Iron is an element essential to the majority of life forms because it is a necessary component of enzymes and proteins involved in cell growth, oxygen transport, immune responses and energy. As the principle element of the hemoglobin molecule, iron absorbs oxygen in the lungs and dispenses oxygen to all areas of the body via red blood cells. In addition to hemoglobin, myoglobin is another vital oxygen-transporting molecule which requires iron to operate efficiently. Myoglobin is primarily responsible for distributing oxygen to the heart muscle and skeletal muscle.
Red meat is one of the best sources of iron, specifically the “heme” kind or iron, which is mostly found in cow meat. Plants are responsible for the “non-heme” type of iron that is not as easily assimilated by the body as red meat iron. Certain individuals require extra amounts of iron to supply the body’s demand, such as young women, toddlers and adolescent boys and girls due to growth spurts. However, the problem with eating red meat to supply the body with iron is that consumption of red meat is implicated in the potential for developing heart disease or Type II diabetes, especially in older individuals who are at risk for suffering from these disorders.
Fish and Non-Red Meat
Non-red meat foods containing high amounts of iron include chicken breast, turkey and chicken dark meat and chicken livers, which contain almost 13 milligrams of iron for each 3 1/2 ounce serving. In addition, chicken livers are an excellent source of protein, vitamins A, B and B12 and potassium. Vitamin B12 is essential for the body to produce healthy red blood cells as well. Iron-rich seafoods include sardines, tuna, oysters, shrimp and crabmeat. Seafood also provides omega 3 fatty acids, a super fish oil benefiting all parts of the body, especially the heart and immune system.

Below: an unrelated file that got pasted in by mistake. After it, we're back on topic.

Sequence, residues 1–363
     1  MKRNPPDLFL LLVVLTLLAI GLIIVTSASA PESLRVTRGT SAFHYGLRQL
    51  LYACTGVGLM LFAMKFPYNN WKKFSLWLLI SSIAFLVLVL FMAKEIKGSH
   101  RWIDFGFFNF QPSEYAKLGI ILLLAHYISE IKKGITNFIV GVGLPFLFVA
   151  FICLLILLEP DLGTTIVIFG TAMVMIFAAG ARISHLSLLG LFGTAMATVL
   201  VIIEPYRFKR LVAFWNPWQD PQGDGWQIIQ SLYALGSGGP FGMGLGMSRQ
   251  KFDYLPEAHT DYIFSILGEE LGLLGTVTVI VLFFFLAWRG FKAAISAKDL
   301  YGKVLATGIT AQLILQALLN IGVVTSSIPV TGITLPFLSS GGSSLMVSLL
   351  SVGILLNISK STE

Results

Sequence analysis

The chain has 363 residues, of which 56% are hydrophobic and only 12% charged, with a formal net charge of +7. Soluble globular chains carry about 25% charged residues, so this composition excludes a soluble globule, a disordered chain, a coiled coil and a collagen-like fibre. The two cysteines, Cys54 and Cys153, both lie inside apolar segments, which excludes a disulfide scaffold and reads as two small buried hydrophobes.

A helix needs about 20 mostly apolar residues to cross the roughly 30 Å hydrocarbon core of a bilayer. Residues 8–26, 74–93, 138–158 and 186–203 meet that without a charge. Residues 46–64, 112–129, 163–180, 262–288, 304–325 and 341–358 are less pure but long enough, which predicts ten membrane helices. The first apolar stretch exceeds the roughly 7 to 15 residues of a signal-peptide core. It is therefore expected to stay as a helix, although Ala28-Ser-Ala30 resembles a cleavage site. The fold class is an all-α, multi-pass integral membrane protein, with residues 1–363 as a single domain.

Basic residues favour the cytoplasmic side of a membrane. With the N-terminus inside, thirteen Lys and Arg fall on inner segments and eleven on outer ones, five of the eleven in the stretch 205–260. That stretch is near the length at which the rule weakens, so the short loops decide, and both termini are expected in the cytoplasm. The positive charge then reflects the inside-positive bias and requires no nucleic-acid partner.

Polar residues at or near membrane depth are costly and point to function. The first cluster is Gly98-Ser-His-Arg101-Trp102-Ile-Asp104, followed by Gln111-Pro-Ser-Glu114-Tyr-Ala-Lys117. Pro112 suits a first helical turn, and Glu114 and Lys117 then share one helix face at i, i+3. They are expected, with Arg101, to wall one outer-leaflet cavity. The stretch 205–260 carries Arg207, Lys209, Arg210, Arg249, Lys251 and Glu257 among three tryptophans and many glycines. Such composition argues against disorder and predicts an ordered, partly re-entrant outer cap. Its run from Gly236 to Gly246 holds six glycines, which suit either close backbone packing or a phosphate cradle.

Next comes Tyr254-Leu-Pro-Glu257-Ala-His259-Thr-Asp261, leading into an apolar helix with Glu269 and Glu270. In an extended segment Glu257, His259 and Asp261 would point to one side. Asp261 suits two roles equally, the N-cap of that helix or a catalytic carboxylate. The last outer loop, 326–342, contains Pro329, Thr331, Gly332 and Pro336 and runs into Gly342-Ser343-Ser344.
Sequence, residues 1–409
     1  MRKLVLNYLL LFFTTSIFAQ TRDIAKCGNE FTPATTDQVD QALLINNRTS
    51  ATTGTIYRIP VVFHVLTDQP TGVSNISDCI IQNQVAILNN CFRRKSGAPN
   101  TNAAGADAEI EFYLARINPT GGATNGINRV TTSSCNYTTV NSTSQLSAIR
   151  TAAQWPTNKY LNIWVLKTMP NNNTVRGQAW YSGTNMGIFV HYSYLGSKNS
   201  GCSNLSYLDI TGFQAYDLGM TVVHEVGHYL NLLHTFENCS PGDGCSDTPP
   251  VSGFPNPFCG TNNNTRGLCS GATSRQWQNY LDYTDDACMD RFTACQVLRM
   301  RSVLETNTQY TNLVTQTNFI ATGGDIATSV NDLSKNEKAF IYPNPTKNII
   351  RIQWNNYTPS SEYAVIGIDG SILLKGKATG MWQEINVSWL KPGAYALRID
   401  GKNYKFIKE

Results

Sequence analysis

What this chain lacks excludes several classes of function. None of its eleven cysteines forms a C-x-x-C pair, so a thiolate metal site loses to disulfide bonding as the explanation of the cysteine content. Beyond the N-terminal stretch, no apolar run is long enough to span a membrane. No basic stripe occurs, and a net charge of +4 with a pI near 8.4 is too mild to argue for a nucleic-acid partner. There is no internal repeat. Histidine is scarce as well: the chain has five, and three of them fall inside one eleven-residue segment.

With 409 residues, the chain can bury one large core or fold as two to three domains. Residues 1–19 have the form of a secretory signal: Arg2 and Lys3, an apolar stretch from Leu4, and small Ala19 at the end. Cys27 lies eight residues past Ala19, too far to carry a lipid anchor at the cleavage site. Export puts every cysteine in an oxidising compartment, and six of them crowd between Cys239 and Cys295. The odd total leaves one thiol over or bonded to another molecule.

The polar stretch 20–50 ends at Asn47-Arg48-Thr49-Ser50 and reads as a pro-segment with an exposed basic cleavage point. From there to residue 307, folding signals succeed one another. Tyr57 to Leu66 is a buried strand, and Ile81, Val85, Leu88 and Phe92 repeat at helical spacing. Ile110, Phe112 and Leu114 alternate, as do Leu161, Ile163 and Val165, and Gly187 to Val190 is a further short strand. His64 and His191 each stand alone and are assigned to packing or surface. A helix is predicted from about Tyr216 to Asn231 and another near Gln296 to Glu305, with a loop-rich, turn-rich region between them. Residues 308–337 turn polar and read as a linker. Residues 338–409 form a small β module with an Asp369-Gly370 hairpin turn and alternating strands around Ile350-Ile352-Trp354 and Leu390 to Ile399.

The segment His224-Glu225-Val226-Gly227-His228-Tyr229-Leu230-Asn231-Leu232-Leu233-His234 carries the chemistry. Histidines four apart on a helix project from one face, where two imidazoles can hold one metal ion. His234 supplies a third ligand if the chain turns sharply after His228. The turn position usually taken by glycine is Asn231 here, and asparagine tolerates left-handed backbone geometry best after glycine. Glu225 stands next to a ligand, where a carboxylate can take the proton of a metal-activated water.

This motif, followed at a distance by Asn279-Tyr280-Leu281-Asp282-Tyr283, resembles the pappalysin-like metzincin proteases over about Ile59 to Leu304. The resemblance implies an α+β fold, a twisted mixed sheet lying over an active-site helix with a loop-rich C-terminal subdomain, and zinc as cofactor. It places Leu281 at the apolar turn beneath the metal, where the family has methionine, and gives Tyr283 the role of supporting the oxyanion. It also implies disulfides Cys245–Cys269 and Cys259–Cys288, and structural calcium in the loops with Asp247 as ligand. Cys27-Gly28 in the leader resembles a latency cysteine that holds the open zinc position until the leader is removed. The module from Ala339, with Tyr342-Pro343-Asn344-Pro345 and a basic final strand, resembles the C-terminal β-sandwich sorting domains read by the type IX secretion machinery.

Whole grains possess higher iron content because the shells have not been removed as occurs in white grains. However, most white grain foods available in the United States are fortified with iron to compensate for loss of iron due to processing. Therefore, a slice of whole grain bread contains the same amount of iron that a slice of “enriched” white bread contains. White rice is also fortified with iron as well. Because white grain products also contains gluten, sugar and has underwent a bleaching process, whole grain products are healthier and furnish fiber to diets that are usually deficient in fiber.
Nuts, Beans and Seeds
Iron from plant sources is referred to as “non-heme iron” because of the difficulty the body has in absorbing the iron, unlike “heme” iron from meat sources. Soybeans, black beans, lima beans, peanuts and sunflower seed kernels all contain moderate amounts of iron. Facilitating the absorption of this non-heme iron is accomplished by eating other foods in conjunction with them, foods like fruits, melons, broccoli, red and green peppers and tomatoes. Vegetarians often need to eat more fruits and vegetables in order to absorb enough iron from nuts, beans and seeds, otherwise they may develop anemia, or iron-poor blood.
What Happens When You Forget to Take Your Anemia Medication
If you neglect to take your medication properly, you may eventually experience “high-output heart failure”, a condition that forces the heart to work harder than normal to get oxygen to internal organs and the brain. Swelling in the legs, feet and hands, chest pain and difficulty breath may also affect those who fail to take their anemia medication. In severe cases, damage to the heart muscle resulting from distressed tissues lacking enough oxygenated blood to function optimally can leave some patients with chronic heart conditions requiring even more medication and reduced quality of life.
Continue keeping your blood rich in iron by eating a healthy diet and taking your iron supplements as prescribed by your physician. So that you never experience the distressing side effects of anemia, let Pill Pal’s medicine alert system send you reminder messages via SMS or phone call when it is time to take your medication.